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Can I use across or through to mean "on the other side of something"? Which preposition is appropriate in such situations ?

1- There was a bird across the window. (There was a bird on the other side of the window.)

2- There was a bird across from the window.

3- There was a bird through the window.

4- There was a little girl across the table. (There was a little girl on the other side of the table.)

5- There was a little girl across from the table.

6- There was a little girl through the table.

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  1. There was a bird across the window.

This only works if the bird is splayed out across the window, or if the bird has struck the window, and its dead or injured body is spread across it. Not at all the intended meaning.

2- There was a bird across from the window.

This implies that the bird is somehow opposite the window, perhaps on the other side of a street. Again not the intended meaning.

3- There was a bird through the window.

This implies that the bird has crashed and stuck half-way through the window. Still not the intended meaning.

Possible sentence that do carry the intended meaning would be

  • There was a bird on the other side of the window.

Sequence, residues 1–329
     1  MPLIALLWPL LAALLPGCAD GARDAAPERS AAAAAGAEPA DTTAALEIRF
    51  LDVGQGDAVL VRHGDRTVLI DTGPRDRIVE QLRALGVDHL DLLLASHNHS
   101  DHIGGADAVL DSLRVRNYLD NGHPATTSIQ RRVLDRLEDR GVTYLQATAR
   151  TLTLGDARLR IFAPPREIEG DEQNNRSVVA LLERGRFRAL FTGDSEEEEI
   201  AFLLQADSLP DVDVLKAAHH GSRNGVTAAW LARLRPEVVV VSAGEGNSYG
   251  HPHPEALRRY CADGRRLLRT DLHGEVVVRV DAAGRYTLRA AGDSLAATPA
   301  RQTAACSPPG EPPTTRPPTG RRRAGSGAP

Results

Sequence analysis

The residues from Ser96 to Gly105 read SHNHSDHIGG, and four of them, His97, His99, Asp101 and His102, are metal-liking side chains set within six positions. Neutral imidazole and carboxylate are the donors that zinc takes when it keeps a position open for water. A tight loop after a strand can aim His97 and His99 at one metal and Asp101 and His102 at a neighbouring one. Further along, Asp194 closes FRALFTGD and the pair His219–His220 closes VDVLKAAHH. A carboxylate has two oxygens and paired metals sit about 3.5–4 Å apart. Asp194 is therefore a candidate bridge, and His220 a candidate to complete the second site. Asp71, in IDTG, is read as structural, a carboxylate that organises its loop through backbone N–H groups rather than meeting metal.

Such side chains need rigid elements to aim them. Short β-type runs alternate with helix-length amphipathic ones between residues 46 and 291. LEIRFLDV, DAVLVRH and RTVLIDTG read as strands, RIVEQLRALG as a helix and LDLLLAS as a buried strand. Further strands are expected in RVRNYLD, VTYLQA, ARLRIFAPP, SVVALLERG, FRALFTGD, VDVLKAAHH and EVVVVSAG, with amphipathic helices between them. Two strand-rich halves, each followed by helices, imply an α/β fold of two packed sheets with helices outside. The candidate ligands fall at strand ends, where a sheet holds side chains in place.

• There was a bird visible through the window.
  • There was a bird beyond the window.

4- There was a little girl across the table.

Yes! This works and carries the intended meaning.

5- There was a little girl across from the table.

This says that the table is on one side of the room or space, and the little girl is on the other side. Not the intended meaning.

6- There was a little girl through the table.

Like the case of the bird, this suggests that the girl has collided with the table and gone partway through it. Clearly not the intended meaning.

Using "across" or "on the other side of" is best in thi9s case.

I don't see any simple rule for when "across" means "on the other side of". It does for "across the city" or "across the ocean". Perhaps the distinction is that those are generally thought of as horizontal things, as tables are, but windows are not. But I am not sure that this applies widely. "across from" and "through" rarely mean "on the other side of" "Across from me" may mean on the other side of a table, but not the other side of me.

  • Wow, 1,3,and 6 are pretty grotesque things, I didn't mean those things :). I found a good thread about across and across from. It says : Across by itself is used with the item that separates two things. Therefore, "the house is across the road" is correct, since the road separates the speaker from the house. I think the same situation applies to the table example since the table seperate me from the other people on other other side of it. And I thought the window could be appropriate since windows seperate us from the outside but it was clearly a hypothetical idea not a practical one. – Talha Özden Jun 9 at 18:01
  • The thread I was talking about (forum.wordreference.com/threads/across-and-across-from.2633373) – Talha Özden Jun 9 at 18:02
  • "Across" in that sense generally (probably with exceptions) refers to wide, flat things like streets, bodies of water, or tables, not vertical things like windows or fences. For this sentence you probably want "outside the window," or just "on the other side of the window" if there's no clear outside/inside. – the-baby-is-you Jun 9 at 22:47

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